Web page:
Tuesday, July 24, 2012

Snake Charmer

Culebra Peak, 14,061'
Red Mountain "A" 13,908'

~8.5 miles RT; 4300' elevation gain

[camera used: Nikon D5100 DSLR]
One of the largest ranches in Colorado is Cielo Vista Ranch (translated- sky view or heavenly view). It's 77,000 acres and borders New Mexico on the southern edge of the state. This is no ordinary ranch, it contains one of Colorado's 14ers Culebra Peak, and also contains 13ers Red Mountain A, Vermejo Peak, Purgatouire Peak, Alamosito, Cuatro Peak, and others. To say it's pristine is an understatement; it's also one of the premier wildlife preserves in the country, hosting deer, elk, bear, bighorn sheep, and all sorts of other animals. The land is remarkably undeveloped when compared to public lands. Many of the roads and trails on the property are slowly being reclaimed by nature.

The ownership of this prime piece of property over the years could fill a book. It's currently owned by a large corporation from Texas and they allow access to their mountains... for a price. In my case, that price was $150; which is a lot of money. Many people ask- what do you get for your money?

We came through the gate at 6AM, went to the ranch office to pay, and talked to a friendly man named Carlos who laid down the ground rules. The road up is very smooth and well maintained, but 4WD is required to minimize wheel slippage on the steep sections.

Here's the rough route we took. Unlike most other hikes I do, there is no defined trail on this peak, not an official one anyway. They encourage you to spread out and minimize impact on the environment. We chose to take the "Roach Route", pioneered by Colorado climbing legend Gerry Roach. It turned out to be most excellent.

 Our brave team has reached the "upper" parking lot. Some people cheat and start at 11,600'

We quickly put distance between ourselves and the upper parking lot vehicles

Joey waits for us. We ascended the area above her head.

Early sunlight panorama

I like our shadows going down the hill
Panorama of the same shot

Jeff takes some pictures

Little Bear, Blanca Peak, and Mt. Lindsey center, crestone group distant right

What trip report of Culebra would be complete without a picture of this large cairn?

Scott gaping at the cairn (photo by SZL)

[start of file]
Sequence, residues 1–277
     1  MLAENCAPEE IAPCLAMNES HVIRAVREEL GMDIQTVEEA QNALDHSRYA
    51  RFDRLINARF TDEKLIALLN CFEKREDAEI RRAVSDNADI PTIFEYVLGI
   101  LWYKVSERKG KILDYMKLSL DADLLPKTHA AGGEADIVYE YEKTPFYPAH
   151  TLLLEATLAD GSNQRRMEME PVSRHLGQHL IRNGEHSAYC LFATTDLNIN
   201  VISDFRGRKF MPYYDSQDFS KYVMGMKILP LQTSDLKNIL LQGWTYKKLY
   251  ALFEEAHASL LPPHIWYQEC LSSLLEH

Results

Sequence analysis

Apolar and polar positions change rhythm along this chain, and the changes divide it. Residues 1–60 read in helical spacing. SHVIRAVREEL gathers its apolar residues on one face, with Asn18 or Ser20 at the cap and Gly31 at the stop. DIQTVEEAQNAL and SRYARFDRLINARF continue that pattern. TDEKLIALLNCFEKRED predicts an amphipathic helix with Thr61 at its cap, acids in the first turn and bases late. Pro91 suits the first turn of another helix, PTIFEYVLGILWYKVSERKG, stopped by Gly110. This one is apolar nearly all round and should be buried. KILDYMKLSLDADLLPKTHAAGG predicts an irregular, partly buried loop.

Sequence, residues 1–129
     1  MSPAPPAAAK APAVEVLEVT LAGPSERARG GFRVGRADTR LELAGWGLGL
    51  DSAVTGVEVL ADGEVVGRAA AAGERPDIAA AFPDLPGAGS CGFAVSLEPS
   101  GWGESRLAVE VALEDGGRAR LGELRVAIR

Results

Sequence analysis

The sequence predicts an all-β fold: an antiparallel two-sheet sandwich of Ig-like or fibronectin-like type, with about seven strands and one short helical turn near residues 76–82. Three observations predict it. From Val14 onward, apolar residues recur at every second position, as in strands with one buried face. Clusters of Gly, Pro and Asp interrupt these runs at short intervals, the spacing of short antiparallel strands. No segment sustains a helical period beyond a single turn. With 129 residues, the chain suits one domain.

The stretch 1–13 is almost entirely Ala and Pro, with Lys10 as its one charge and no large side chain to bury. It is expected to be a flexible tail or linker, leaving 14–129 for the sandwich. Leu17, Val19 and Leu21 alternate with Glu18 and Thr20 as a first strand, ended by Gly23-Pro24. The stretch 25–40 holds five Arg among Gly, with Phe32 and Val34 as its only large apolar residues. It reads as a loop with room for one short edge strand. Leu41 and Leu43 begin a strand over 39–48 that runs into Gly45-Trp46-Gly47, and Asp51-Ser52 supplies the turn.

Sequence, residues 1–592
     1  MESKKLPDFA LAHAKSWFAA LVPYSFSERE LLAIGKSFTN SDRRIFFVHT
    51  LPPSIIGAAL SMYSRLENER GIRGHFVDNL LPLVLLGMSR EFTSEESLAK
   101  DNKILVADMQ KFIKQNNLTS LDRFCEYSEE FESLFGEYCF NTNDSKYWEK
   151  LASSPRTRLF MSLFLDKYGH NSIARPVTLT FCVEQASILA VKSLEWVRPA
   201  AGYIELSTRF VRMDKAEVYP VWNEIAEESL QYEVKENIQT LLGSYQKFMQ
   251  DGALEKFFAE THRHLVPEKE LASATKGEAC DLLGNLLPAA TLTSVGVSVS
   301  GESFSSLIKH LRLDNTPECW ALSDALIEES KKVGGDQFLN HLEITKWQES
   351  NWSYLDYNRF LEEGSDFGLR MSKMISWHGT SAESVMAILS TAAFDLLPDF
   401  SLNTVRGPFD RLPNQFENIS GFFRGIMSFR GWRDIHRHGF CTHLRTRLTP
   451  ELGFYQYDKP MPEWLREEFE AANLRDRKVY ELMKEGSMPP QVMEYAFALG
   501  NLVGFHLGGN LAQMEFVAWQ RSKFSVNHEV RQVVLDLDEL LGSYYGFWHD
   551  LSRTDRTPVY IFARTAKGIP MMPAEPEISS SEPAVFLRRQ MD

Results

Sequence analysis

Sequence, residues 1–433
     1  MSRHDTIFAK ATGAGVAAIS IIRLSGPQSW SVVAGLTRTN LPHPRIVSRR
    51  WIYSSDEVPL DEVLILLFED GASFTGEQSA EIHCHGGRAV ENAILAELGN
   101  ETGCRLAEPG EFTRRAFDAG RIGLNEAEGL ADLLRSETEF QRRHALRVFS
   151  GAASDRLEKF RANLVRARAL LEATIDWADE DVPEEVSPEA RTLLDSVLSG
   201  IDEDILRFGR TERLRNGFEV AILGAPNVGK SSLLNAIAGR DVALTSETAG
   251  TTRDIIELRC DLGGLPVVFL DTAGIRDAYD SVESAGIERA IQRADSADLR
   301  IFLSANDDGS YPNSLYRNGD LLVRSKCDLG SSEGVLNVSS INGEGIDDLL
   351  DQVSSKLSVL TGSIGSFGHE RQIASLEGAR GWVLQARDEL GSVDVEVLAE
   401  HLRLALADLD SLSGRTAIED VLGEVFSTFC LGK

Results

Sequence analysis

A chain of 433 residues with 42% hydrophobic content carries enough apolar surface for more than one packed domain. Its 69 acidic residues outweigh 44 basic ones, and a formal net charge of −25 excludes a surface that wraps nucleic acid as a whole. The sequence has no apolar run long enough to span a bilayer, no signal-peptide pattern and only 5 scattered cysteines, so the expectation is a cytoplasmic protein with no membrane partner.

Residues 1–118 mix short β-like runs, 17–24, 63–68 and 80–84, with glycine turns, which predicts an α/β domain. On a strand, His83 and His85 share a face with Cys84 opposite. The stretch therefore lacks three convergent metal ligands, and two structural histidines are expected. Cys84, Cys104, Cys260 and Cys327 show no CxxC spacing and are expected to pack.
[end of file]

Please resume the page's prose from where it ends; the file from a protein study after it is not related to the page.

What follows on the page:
Turning around, this photo shows the pathway to false summit alpha
Vermejo Peak, "Alamosito", and Purgatoire Peak

False summit alpha looms ahead
The marmot shall show you the way!

Joey coming up the ridge past the false summit
West Spanish Peah and Spanish Peak

Summit Panorama looking North/East

Summit Pano 2- Same view, slightly lower

Summit Pano- looking South; Red Mountain on the left, Vermejo and others beyond

All it takes to climb Culebra is right here (Photo by SZL)

Group on Culebra summit: Dan, Joey, Jason, Scott, Sarah!

Culebra is a mere 3/4 mile away from Red Mountain, which is a Centennial 13er. It's the 92nd highest mountain in the entire continental US. Since I plan on eventually climbing Centennial peaks, it was prudent for us to tackle this peak as well. We felt that it was a little more effort than we anticipated, and the "round trip" from Culebra was close to 90 minutes with a 15-minute break at the top of red.
The summit push on Red Mountain. There are some braided trails.
Looking back on the saddle between Culebra and Red Mountain

Summit pano from Red Mountain looking South/East
Summit pano of Culebra Peak from Red looking North/West; Spanish Peaks at right
Why did I do this? On the Red Mountain summit
Culebra Summit 2: Spurge, Kay, Bill, Jeff, Dan, Scott (L to R)
When Marmots Attack
They are multiplying
The marmots were plentiful and aggressive on the summit of Culebra. We had to watch our backpacks constantly to insure that they remained unmolested. At one point I threw a rock at the ground near a marmot to scare it away. The rock bounced up and hit him, and yet he was unfazed. Watch out for these critters on Culebra.

Scott looks over the valley, false summit alpha behind him

Jeff surveys the scene just beyond the massive cairn

Massive 8-shot panaorama of the valley to the North of Culebra's snaking ridge

White-tailed Ptarmigan

Cool butterfly, these guys were everywhere around 12,500'

Milbert's Tortoisesh​ell Butterfly

Jeff comes down from the ridge
I thought I was being smart by wearing my running shoes on this hike. It turns out, off-trail hiking is harder on your feet than regular trail hiking, and I was feeling pretty worn down by the time we started descending. Luckily, we only had a couple more miles to go, and one of them was easy.
Looking down from the same place

The clouds are building in strength

Quick road-hike back down to the truck; 1 mile was under 20 minutes

Pano looking back from the "Four Way"; Culebra at extreme left

Panorama: about 1 mile down the road from the ranch gate; Culebra center

As we drove away from the ranch, my truck was bombarded with the largest raindrops I've ever seen. We had just missed out on getting pelted, I'm pretty sure everyone was going to stay dry that day.

The Blanca group as seen from the highway

I think the primary question people ask about this experience is: "It costs $100 to climb, that's a lot of money, is it worth it?" I think the answer to this question is an individual one. For some, they will never do it again. For others, they are so enchanted with the unique experience that they absolutely desire to return at a later time.  Some have refused to climb only this 14er, stating the price as the reason. You are free to take a stand on principle, but realize that you are missing out on an interesting experience.

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